No new cases of CWD detected from recent intensified harvest in Allamakee County

More than 100 deer were collected as part of the Iowa Department of Natural Resources (DNR) surveillance effort looking for chronic wasting disease (CWD) near Harpers Ferry in late February and early March.
Tissue samples from 85 of the adult deer collected were sent to the National Veterinary Services Lab in Ames for testing and all 85 samples came back as not detected. All collectors have been notified of the results.
“Landowners and local residents were outstanding with cooperation to help secure deer samples in this intensive surveillance effort,” reported Terry Haindfield, Iowa DNR wildlife biologist in northeast Iowa. “Weather extremes went from 25 below zero to 65 degrees above, affecting collecting success. The DNR greatly appreciates the public’s interest and the effort they put into helping collect deer for the additional samples.”
Although the number of samples collected was less than the goal of 200, the results are encouraging and suggest that CWD may not be established at a significant level, according to DNR officials. However, continued surveillance will be needed in order to provide a better picture of the prevalence of CWD on the landscape.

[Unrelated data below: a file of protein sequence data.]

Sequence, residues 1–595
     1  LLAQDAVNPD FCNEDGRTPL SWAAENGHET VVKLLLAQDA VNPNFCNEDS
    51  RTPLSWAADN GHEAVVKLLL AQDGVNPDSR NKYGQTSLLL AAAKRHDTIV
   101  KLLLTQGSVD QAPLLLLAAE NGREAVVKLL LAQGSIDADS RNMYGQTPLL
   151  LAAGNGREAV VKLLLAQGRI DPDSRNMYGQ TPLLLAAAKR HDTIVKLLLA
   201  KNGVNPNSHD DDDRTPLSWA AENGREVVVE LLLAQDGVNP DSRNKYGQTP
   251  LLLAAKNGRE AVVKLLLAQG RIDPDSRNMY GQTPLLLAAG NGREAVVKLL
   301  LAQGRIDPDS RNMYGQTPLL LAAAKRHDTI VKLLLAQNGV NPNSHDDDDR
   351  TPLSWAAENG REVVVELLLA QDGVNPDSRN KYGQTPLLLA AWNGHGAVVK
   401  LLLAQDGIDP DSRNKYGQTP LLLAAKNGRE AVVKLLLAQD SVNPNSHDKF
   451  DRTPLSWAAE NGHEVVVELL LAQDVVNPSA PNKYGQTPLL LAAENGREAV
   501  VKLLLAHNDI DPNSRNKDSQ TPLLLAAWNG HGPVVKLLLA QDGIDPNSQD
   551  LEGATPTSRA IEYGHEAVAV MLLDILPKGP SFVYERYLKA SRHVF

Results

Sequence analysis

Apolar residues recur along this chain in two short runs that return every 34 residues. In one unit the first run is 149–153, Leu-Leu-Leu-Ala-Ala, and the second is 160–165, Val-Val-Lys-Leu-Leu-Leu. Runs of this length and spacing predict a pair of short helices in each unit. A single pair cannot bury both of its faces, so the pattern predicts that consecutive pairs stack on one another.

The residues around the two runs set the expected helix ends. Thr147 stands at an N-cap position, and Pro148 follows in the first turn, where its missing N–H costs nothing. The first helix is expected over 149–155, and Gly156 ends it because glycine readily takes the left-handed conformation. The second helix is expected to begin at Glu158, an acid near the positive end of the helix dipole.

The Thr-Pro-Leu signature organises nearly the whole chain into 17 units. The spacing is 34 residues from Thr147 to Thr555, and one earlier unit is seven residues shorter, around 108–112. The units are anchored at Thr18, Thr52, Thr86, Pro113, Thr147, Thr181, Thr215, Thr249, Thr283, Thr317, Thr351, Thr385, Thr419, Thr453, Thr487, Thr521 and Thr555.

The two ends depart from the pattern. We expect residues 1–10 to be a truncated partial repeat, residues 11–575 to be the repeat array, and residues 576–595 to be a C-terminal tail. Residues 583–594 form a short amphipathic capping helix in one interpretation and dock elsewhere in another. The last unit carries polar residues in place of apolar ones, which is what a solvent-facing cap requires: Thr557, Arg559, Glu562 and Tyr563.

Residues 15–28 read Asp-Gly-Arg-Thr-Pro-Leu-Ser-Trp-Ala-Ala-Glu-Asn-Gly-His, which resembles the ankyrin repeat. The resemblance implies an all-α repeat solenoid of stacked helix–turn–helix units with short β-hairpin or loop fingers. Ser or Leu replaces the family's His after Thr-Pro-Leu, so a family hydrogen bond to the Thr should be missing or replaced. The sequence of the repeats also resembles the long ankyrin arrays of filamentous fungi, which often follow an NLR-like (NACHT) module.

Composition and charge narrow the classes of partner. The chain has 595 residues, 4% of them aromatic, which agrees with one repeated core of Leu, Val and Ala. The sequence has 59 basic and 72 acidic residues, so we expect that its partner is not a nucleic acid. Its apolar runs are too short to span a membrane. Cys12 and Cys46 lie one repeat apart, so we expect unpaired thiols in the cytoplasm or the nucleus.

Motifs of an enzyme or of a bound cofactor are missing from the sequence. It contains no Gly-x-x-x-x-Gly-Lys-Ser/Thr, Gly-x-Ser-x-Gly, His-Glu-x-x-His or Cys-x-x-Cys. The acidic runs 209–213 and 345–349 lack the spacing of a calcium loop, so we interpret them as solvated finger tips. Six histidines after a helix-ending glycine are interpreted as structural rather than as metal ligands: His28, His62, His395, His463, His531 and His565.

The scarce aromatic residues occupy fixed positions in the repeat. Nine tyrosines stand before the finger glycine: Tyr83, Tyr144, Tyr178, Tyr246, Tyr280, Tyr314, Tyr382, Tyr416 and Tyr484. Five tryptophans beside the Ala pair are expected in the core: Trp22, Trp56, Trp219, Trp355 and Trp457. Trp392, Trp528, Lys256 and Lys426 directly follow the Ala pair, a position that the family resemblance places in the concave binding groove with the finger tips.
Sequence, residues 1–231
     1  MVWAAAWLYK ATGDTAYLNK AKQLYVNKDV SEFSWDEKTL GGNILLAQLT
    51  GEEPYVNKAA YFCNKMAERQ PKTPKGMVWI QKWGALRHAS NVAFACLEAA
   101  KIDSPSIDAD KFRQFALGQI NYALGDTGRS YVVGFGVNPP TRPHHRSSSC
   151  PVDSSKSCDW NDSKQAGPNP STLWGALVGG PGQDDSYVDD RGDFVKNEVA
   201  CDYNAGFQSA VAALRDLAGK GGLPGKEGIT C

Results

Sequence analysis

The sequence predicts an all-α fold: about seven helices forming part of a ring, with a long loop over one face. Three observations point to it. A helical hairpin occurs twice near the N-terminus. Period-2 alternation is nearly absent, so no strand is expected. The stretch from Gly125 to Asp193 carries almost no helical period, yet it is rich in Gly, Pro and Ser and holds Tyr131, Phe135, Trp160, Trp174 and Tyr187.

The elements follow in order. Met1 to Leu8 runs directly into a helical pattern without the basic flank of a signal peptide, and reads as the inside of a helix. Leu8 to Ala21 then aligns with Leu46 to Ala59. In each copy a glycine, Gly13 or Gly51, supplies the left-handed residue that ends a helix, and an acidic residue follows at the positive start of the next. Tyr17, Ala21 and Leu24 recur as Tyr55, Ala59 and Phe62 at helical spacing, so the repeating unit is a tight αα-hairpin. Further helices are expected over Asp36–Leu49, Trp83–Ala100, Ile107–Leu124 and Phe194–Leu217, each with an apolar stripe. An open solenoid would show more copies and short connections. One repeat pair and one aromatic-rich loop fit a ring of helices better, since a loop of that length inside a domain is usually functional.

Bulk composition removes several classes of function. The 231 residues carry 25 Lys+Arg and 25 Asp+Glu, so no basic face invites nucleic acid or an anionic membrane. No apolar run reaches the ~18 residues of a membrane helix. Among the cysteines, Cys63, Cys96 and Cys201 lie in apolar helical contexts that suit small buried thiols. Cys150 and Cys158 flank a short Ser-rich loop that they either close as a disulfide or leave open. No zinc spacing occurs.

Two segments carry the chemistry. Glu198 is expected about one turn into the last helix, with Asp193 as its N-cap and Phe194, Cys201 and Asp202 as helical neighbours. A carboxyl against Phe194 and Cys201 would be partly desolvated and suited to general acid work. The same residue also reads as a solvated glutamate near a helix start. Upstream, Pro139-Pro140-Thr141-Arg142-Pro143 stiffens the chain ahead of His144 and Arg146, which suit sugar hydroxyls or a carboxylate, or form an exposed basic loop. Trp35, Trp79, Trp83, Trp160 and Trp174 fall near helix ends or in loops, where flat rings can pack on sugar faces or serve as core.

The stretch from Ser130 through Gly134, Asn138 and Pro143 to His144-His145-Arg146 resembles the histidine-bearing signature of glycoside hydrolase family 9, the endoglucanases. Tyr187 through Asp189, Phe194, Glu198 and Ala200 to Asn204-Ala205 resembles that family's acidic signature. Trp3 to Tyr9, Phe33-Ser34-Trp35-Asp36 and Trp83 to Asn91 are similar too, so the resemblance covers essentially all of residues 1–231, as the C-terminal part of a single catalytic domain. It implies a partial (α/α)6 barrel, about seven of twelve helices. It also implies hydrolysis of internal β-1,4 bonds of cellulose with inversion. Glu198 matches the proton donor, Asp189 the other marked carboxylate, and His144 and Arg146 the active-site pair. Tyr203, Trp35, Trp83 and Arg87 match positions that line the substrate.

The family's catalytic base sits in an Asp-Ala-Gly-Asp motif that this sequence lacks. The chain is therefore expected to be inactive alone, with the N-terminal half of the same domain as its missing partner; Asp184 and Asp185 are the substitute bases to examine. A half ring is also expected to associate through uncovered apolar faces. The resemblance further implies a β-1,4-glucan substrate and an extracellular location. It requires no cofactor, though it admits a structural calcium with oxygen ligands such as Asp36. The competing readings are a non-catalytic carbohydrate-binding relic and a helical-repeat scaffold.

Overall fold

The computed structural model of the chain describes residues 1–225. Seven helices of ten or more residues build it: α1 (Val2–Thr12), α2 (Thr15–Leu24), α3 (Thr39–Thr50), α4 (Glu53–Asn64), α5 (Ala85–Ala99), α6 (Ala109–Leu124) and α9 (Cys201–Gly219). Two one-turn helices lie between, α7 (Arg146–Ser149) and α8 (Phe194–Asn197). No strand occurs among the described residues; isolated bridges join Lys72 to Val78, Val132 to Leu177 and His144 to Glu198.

The DNR has scheduled a public meeting Thursday, April 16 in Harpers Ferry's Ethel Robinson Meehan Community Center, located at 238 North Fourth Street, beginning at 6:30 p.m. The meeting its being held to solicit input and begin planning for continued surveillance this summer and fall.
The four Allamakee samples which prompted this most recent special collection - one detected in 2013 and the other three this past deer hunting season in 2014 - are the only CWD-positive returns from 55,000 samples of wild Iowa deer taken since 2002. DNR officials say the additional data collected from this special harvest is important to determine the next course of action to slow the spread of CWD in Iowa.
CWD is a neurological disease affecting primarily deer and elk. It is caused by an abnormal protein - a prion - that attacks the brains of infected animals, causing them to lose weight, display abnormal behavior and lose bodily functions. Signs include excessive salivation, thirst and urination, loss of appetite, progressive weight loss, listlessness and drooping ears and head.
Anyone who sees a deer displaying those symptoms, or anyone seeking further information, is asked to contact Haindfield at 563-546-7960.